On May 6, 2013, the Appellate Body of the World Trade Organization (WTO)’s dispute settlement system held that Ontario’s feed-in tariff (FIT) program to support renewable energy development was inconsistent with Canada’s international trade obligations. The decision confirmed the conclusion reached by the dispute settlement panel which first ruled on the case in December 2012, although the Appellate Body disagreed with that Panel’s analysis and reasoning on some points of law.
The first complaint against Ontario’s scheme was made by Japan in September 2010, and a second complaint was made by the European Union (EU) in August 2011. Both Japan and the EU alleged that the FIT program discriminated against foreign suppliers of renewable energy technologies, as participation in the scheme required electricity generators to source a certain amount of their components from Ontario. For wind projects, the local content requirement was 25%, while for solar projects it was 60%. As neither complaint was able to be resolved through consultations between the parties, the two cases were submitted for joint adjudication by a Panel. The Panel held that the local content requirement of the FIT scheme accorded preferential treatment to products made in Ontario, in violation of the national treatment obligation set out in Article 2.1 of the Trade-Related Investment Measures (TRIMs) Agreement and Article III of the General Agreement on Tariffs and Trade (GATT). These conclusions were confirmed on appeal.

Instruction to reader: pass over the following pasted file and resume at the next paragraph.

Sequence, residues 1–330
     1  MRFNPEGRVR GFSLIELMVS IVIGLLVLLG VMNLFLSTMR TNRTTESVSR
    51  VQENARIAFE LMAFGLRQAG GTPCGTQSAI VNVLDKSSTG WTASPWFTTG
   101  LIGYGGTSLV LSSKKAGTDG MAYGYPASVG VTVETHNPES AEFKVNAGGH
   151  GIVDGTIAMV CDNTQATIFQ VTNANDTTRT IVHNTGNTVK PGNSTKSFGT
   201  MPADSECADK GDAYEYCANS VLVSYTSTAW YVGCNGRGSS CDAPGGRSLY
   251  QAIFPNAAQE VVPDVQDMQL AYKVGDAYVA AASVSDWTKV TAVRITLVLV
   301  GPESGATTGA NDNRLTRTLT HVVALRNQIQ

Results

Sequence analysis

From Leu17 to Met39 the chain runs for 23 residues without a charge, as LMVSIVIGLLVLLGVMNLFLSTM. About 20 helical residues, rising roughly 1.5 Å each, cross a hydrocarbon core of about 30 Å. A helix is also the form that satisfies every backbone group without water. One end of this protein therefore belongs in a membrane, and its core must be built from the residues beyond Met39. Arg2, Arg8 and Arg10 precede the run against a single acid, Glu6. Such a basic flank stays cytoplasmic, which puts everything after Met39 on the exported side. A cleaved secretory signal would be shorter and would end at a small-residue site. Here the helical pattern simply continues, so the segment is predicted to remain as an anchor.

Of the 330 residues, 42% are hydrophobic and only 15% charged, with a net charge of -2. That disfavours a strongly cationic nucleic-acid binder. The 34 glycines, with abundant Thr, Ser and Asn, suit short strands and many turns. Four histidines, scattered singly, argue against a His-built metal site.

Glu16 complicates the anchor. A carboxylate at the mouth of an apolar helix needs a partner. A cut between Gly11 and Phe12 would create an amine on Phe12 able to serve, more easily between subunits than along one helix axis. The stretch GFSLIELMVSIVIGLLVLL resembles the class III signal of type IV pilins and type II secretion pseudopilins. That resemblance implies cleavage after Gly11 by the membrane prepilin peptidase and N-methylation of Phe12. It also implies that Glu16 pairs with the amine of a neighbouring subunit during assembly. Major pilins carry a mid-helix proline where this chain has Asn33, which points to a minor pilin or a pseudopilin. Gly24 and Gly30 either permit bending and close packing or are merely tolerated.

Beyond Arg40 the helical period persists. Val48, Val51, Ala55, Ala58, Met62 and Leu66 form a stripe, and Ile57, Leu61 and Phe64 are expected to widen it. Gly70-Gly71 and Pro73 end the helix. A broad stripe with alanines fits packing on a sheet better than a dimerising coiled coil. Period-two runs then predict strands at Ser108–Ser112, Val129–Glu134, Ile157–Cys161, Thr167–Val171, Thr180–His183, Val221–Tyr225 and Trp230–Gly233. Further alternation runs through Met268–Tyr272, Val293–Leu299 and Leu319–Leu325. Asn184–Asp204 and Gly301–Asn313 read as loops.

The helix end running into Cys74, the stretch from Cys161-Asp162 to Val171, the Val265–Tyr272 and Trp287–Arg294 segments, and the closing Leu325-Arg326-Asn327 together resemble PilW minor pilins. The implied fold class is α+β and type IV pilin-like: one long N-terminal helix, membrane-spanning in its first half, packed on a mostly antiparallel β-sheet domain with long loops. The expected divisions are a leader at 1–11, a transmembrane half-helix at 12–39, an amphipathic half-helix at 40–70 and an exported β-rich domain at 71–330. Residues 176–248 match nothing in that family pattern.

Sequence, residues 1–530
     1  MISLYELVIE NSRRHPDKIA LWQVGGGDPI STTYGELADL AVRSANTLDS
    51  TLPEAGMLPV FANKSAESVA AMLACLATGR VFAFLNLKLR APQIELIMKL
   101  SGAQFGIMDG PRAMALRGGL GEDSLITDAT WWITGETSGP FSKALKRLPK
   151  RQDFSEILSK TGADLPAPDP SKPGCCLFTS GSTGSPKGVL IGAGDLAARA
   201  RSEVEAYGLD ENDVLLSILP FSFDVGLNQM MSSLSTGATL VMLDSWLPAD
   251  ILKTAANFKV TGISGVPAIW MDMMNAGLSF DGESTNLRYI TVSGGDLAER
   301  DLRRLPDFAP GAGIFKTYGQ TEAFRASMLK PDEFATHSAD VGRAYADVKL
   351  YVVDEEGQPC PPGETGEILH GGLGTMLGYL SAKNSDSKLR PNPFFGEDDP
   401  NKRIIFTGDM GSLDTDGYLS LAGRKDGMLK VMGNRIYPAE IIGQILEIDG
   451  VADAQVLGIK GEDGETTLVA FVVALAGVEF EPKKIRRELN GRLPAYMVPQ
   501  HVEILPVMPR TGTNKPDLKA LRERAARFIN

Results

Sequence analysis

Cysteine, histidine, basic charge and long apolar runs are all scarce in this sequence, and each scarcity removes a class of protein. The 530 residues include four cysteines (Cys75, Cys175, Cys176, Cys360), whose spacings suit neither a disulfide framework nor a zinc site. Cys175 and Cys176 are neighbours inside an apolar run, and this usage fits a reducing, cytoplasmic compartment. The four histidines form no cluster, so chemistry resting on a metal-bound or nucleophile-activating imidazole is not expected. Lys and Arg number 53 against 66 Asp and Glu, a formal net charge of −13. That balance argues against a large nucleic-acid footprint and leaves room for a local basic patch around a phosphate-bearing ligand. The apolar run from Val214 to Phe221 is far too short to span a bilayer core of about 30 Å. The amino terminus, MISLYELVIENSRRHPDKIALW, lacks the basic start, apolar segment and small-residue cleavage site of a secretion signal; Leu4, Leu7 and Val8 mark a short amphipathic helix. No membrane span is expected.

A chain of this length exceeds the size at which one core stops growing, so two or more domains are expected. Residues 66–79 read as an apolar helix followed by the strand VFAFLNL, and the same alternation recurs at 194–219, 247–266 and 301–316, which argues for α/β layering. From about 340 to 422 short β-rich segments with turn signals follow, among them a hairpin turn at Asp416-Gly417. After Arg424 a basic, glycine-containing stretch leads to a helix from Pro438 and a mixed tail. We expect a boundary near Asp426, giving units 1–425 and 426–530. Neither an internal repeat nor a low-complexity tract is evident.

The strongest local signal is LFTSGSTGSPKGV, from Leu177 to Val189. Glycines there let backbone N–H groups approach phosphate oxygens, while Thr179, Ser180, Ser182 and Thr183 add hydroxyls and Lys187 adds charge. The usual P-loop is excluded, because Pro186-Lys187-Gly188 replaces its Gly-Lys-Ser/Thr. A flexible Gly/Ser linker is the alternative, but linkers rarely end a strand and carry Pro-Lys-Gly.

In addition to claims under the TRIMs Agreement and the GATT, Japan and the EU had argued that the FIT scheme constituted a prohibited subsidy in violation of the Agreement on Subsidies and Countervailing Measures (SCM Agreement). The Appellate Body found that the Panel’s analysis of that agreement was flawed, because it held that the relevant “market” was a single market for electricity in Ontario regardless of the source of the energy. The Appellate Body’s view was that the relevant market was “shaped by the government’s definition of an energy-supply mix,” and the appropriate benchmark for comparison should have been “competitive prices for wind power and solar [photovoltaic] generation.” The Appellate Body drew a distinction between markets which only exist because of government intervention, such as measures to create a certain mix of energy supplies, and government interventions that may distort competition in existing markets. However, the Appellate Body reached no conclusion on whether Ontario’s scheme was consistent with the SCM Agreement, as it had inadequate evidence before it to make the necessary factual determinations.
While the Appellate Body therefore did not determine if Ontario’s program was an impermissible subsidy, its discussion of the interpretation of the SCM Agreement may be important for pending cases concerning government support for renewable energy projects. In February 2013, the US made a complaint against Indian government support of the Jawaharlal Nehru National Solar Mission, alleging that its domestic content requirements violate the SCM Agreement (in addition to the GATT and TRIMs Agreements). If consultations between the parties fail to resolve that dispute, then it may be heard by a dispute settlement panel. Although it has not yet made a formal complaint, in April 2013 India raised concerns about US support of renewable energy producers. In particular, it has questioned whether schemes adopted by Connecticut, Delaware, Massachusetts and Minnesota are consistent with the SCM Agreement and the TRIMs Agreement.